• Requirements that racial data are collected,
    reported, and used
  • in the evaluation process

Losen, D. Welner, K. G. (2002). Legal
Challenges to Inappropriate and Inadequate
Special Education for Minority Children. In D.
Losen G. Orfield (Eds.) Racial Inequity in
Special Education (pgs. 167-194) . Cambridge, MA
Harvard Education Press.
90
Reducing overrepresentation is a matter of
creating a successful school environment for all
students and accurately distinguishing
disabilities from cultural differences.
Burnette, J. (1998). Reducing the
disproportionate representation of minority
students in special education. Reston, VA ERIC
Clearinghouse on Disabilities and Gifted
Education. http//www.ericec.org
91
  • The future is not a result of choices among
    alternative paths offered by the present, but a
    place that is created -- created first in the
    mind and will, created next in activity.
  • The future is not some place we are going to, but
    one we are creating. The paths are not to be
    found, but made, and the activity of making them,
    changes both the maker and the destination.
    - John Schaar, futurist

92
Significant Disproportionality
34 CFR 300.646
Identification, placement, discipline
DATA ONLY!!!
Identification special education, specific
eligibility categories Placement LRE tables
2,3,4,5 40-79 gen ed 0-39 gen ed
separate schools residential placements
Discipline incidence, duration, type
incidence of times subject to
disciplinary action duration length
of suspension or expulsion type
in-school / out-of-school
OSEP guidance July 28, 2008
93
If not now, when?
-- Talmud.
94
Resources
The Civil Rights Project at UCLA
  • http//www.civilrightsproject.ucla.edu/research/sp
    ecialed/specialed_gen.php
  • You can read the intro to Racial Inequity in
    Special Education
  • Access links to
  • Diversity
  • Dropouts
  • NCLB
  • High stakes testing
  • Discipline
  • Bilingual education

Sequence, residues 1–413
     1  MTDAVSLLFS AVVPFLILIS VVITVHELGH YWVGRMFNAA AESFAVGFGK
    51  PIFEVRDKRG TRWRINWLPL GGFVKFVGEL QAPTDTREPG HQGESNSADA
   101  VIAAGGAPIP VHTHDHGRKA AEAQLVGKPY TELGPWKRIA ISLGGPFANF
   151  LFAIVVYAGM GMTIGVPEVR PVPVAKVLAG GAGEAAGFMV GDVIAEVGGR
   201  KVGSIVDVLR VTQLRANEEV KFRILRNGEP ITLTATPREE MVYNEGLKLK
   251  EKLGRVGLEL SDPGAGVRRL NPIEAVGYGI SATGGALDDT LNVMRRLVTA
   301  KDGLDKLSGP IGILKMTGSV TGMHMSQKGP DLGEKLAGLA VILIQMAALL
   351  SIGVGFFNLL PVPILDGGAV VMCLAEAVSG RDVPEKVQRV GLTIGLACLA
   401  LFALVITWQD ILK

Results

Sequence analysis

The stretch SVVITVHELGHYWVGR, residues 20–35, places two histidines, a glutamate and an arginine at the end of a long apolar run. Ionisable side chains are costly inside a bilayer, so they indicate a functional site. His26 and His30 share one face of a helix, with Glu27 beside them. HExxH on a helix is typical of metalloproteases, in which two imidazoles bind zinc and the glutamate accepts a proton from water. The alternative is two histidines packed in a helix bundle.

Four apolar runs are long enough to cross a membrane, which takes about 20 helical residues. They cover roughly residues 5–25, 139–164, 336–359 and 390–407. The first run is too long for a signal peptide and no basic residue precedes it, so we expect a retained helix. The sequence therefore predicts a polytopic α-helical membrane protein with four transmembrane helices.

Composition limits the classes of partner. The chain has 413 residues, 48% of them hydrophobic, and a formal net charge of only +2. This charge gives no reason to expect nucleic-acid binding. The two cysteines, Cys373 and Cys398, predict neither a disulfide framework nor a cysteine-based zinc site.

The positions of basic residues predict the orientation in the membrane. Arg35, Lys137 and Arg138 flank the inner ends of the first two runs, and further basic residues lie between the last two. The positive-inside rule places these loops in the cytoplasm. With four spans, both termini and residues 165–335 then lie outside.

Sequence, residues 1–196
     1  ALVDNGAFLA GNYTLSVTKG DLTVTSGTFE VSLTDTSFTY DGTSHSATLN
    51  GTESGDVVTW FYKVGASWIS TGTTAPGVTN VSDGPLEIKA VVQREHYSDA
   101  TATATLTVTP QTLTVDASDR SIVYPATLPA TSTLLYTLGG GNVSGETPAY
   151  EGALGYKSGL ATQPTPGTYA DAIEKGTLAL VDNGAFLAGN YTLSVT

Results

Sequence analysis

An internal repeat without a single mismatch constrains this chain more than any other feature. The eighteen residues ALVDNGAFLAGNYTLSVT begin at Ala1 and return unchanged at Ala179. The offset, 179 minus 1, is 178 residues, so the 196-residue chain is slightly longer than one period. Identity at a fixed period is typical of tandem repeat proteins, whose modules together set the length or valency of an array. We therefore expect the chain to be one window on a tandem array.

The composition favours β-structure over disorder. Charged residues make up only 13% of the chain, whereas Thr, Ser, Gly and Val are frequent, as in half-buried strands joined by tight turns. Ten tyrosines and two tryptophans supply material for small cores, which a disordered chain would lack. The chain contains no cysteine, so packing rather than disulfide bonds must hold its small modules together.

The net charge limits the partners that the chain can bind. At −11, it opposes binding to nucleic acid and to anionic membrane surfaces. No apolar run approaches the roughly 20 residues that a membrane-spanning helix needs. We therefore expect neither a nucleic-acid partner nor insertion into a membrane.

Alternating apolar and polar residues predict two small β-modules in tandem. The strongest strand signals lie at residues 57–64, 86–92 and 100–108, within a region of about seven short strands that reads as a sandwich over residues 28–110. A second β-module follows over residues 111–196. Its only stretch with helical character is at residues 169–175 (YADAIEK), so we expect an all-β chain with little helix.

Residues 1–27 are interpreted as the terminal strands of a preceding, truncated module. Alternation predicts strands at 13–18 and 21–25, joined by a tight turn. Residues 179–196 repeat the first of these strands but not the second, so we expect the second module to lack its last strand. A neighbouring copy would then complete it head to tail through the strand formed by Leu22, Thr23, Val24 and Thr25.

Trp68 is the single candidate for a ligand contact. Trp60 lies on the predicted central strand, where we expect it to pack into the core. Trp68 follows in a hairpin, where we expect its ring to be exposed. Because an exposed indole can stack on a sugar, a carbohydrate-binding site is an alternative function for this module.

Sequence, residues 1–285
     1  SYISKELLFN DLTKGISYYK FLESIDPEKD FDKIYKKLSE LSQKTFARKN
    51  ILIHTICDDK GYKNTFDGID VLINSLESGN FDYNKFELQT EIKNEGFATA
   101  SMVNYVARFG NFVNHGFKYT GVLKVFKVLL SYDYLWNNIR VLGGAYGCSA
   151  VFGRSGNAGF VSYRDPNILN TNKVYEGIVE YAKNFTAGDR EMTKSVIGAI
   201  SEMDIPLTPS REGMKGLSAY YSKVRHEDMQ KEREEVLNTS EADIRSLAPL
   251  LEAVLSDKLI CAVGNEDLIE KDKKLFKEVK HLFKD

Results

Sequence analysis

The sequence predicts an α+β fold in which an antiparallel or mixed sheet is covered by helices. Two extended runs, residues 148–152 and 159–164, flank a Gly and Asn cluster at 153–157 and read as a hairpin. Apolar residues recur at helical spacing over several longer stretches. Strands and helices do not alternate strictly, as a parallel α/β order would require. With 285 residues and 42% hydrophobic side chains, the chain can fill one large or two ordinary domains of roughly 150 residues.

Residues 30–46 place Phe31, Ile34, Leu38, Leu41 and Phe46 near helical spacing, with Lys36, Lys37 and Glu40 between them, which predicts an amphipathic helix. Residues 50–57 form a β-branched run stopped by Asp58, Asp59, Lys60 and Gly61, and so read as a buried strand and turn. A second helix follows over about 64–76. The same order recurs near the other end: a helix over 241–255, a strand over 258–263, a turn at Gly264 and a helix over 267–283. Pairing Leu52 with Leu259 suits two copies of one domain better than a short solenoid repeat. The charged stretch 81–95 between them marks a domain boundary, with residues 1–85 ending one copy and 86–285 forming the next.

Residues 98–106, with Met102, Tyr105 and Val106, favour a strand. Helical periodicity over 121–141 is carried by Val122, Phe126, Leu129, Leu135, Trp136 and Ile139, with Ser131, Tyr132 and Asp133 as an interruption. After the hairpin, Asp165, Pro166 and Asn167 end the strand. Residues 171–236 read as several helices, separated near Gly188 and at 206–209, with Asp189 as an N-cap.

• Desegregation

Racial Inequity in Special Education. Edited by
Daniel Losen Gary Orfield. 2002.
95
NCCRESt --- National Center for Culturally
Responsive Education Systems (funded by US Dept
of Ed, OSEP) www.nccrest.org provides
technical assistance and professional development
to close the achievement gap between students
from culturally and linguistically diverse
backgrounds and their peers, and reduce
inappropriate referrals to special education. The
project targets improvements in culturally
responsive practices, early intervention,
literacy, and positive behavioral supports. The
Equity Center at the Northwest Regional
Educational Laboratory http//www.nwrel.or
g/cnorse/ -- funded by US DOE -- offers T/TA
on issues relating to equity in
education http//clas.uiuc.edu  -- Culturally
and linguistically appropriate
services  (mostly related to
early childhood) www.asha.org   -- American
Speech language Hearing Association www.wslha
.org -- Washington Speech and Hearing
Association
96
Regional Resource Centers TA funded by OSEP
http//rrfcnetwork.org/wrrc
(Western RRC)
OSPI Learning Improvement
http//www.k12.wa.us/SpecialEd/RTI.aspx
OSEP Disproportionality resources http//idea.ed.
gov/explore/view/p/2Croot2Cdynamic2CTopicalArea
2C72C
Methods for assessing disproportionality
OSEP/Westat guidance doc http//www.ideadata.
org/docs/Disproportionality20Technical20Assistan
ce20Guide.pdf
National Dissemination Center for Children w/
Disabilities http//www.nichcy.org
97
Losing Our Future How Minority Youth are being
Left Behind by the Graduation Rate Crisis
http//www.urban.org/publications/410936.html
Discipline and Disproportionality in the New
IDEIA www.nccrest.org/events/cec_2006_HO.ppt
Racial Disproportionality in School Disciplinary
Practices www.lapositivebehavior.com/news/School_D
iscipline_Brief1.pdf
98
TA Alliance for Parent Centers http//www.taalli
ance.org/research/disprop.htm Natl Assoc of
School Psychologists http//www.nasponline.org/ C
ouncil of Chief State School Officers
http//www.ccsso.org/
Elementary Middle Schools Technical Assistance
Centers http//www.emstac.org/registered/topics/d
isproportionality/intro.htm
99
http//www.ed.gov/about/offices/list/ocr/ell/overv
iew.html   -- Office of Special Education
Programs (OSEP) English Language
Learners Below is a section from the resources
part of the above page (ELL) that may be helpful
--- Identification of Potential ELL
Students Handbook of English language Proficiency
Tests. This guide provides an overview of
assessing English language proficiency, details
regarding five different tests, and a checklist
for selecting an appropriate test for a
district's needs. http//www.ncela.gwu.edu/pubs/ea
cwest/elptests.htm Identifying
Limited-English-Proficient Students. This handout
provides information on identifying ELL students
and establishing transition and/or exit criteria.
The handout also includes sample instruments for
identifying ELL students. http//www.ncela.gwu.edu
/pubs/eacwest/handouts/id-lep/backgrnd.htm
Assessment of ELL Status Assessment in ESL
Bilingual Education - A Hot Topic Paper. An
overview of assessing language proficiency,
review of assessment instruments, achievement
testing, and special education assessments, by
Gary Hargett, Ph.D. http//www.nwrac.org/pub/hot/a
ssessment.html
100
Things do not change we change.
Henry David Thoreau (1817-1862)